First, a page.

Last week’s review I covered the Cobb Tuning Accessport V3, which is one of the most important additions that you can make to your car when you decide to start modding and tuning. As important as the Accessport is to help mod the car, without some aftermarket parts, it really doesn’t do much. Thankfully this week, we can start getting our hands dirty.
When it comes to intakes, there are multiple choices to choose from for the Mazdaspeed platform. Cobb Tuning (cobbtuning.com), JBR (jamesbaroneracing.com) and HTP (hitunedperformance.com) offer choices for the Mazdaspeed 3 as well as Corksport Performance (corksportperformance.com), who I eventually went with. Prices range from $195.00 – $346.47, based on preferences of whether you want a TIP (Turbo Inlet Pipe) or not, and intake diamater (Corksport, Cobb, and JBR offer 2.5″ and 3″ intakes, HTP offers up to a 4″ system). All of them offer a replacement for the restrictive factory intake setup, which has a throttle inlet pipe made of plastic. As well, all of the listed manufacturers provide everything needed for installation in their kits: silicone couplers, clamps, and replacement hoses.
But how do you choose?
After doing the research, I decided to go with the Corksport Stage II SRI ($254.99), as it fit my project budget and I saved on shipping because I purchased it along with some other parts that I will be reviewing later. You can also configure your SRI in different colors on the Corksport site to fit a theme under your hood. My car is blue, so that is what I went with. When the box arrived, everything was nicely wrapped and packaged, with instructions for installation (the instructions provide pictures in case you get stuck) and some Corksport stickers.
Installation was a bit tricky, as it requires a bit of removal of a couple things under hood, but as long as you are patient and study the instructions before the next step, it can be done in an afternoon (you can also watch the Corksport Stage II Power Series Short Ram Intake Installation video here on FiveFiveGarage.com too. I know.. shameless plug). No special tools were required for installation, I used hand tools: mostly a ratchet, sockets, and some extensions. I will say that the engine compartment on a Mazdaspeed 3 is a very cramped affair, and would recommend wearing gloves if you have them to cut down on the scrapes (and to keep that new TIP shiny!). Another recommendation during the installation process would be to pre-fit the turbo outlet coupling to the TIP with the T-band clamp facing up at an angle that makes it easier to reach with an extension and a socket. The area by the turbo outlet is very tight, even with removing the top mount intercooler, it is still a tricky bit of geometry to be able to get the coupler snug on the turbo inlet and be able to get a socket back there. Other than that issue, my installation went pretty smoothly.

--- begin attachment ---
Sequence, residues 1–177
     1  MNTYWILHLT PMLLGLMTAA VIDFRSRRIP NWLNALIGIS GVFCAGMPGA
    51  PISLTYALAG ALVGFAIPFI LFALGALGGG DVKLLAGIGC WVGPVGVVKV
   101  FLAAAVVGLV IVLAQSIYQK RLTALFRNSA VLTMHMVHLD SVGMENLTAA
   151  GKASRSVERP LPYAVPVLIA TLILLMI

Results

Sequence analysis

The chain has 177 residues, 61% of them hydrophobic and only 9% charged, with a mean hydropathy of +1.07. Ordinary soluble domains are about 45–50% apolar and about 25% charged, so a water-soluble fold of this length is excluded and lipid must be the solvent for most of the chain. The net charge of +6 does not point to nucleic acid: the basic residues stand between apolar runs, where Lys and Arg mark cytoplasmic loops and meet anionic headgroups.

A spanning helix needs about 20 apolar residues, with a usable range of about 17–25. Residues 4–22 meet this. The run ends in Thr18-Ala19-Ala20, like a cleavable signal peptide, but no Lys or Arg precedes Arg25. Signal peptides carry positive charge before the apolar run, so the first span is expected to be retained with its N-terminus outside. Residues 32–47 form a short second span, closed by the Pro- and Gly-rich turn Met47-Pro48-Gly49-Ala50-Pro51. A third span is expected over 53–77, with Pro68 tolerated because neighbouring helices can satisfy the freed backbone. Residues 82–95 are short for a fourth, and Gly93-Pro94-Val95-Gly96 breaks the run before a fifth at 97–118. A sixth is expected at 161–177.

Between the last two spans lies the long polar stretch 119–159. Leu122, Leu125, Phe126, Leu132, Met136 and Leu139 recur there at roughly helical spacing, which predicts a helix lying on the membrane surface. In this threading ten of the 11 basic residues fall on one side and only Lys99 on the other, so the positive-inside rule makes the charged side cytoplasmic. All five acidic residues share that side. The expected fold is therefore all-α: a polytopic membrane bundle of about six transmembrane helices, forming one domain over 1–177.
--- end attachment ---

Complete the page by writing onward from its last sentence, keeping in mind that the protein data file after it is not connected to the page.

After placing the new silicone coupler on the end, you then install the new MAF housing that comes with the intake. It has a built-in airflow straightener, and also has markings showing the direction of airflow so you don’t put it on backwards. The MAF provides two new allen headed screws to bolt in your MAF sensor that you remove from your factory intake. Also included in the SRI kit is a new high-flow air filter. You can get this is other colors at the time of order, but since everything is blue, I just continued the color theme. I was really impressed with the fit and finish on everything once it was assembled, and was really satisfied when I started the car after everything was bolted back up.
One of the deciding reasons I went with Corksport Performance parts, was that not only do they offer great products, but they also provide custom OTS (Off The Shelf) maps as well. After the intake was installed, I used my Accessport to upload a Stage I map for my car on 93 octane and took it for a spin.
Immediately I noticed a change in acceleration as the car felt like it had a bit more pep going through the RPM’s. But the best thing about the intake change? The sound.
A stock Mazdaspeed 3 doesn’t sound like it has a turbo under the hood. You desperately want to hear it, but you can’t and you just have to tell people “trust me, there is a turbo.” Driving normally after the modification, you can’t tell that a change had been made. But allow the RPM’s to get north of 3000, and your ears are blessed with the angelic sound of turbo spool. This is the reason why you drive a turbocharged car!
Plan on your next tank of gas coming quickly, because you are going to want to spool this thing everywhere.
Need to change lanes? WHHOOOSSSHHHHH!
In third gear, but you will get better gas mileage if you go ahead and shift to fourth? WHHHHOOOSSSSHHHHH!!
Just for the hell of it? WHHHHHOOOOOOSSSSHHHHHHHH!!!!!
Performance has definitely been improved, and every time I drive now, I have a grin on my face as big as the one in my bumper. Maybe that was Mazda’s idea behind that look all along?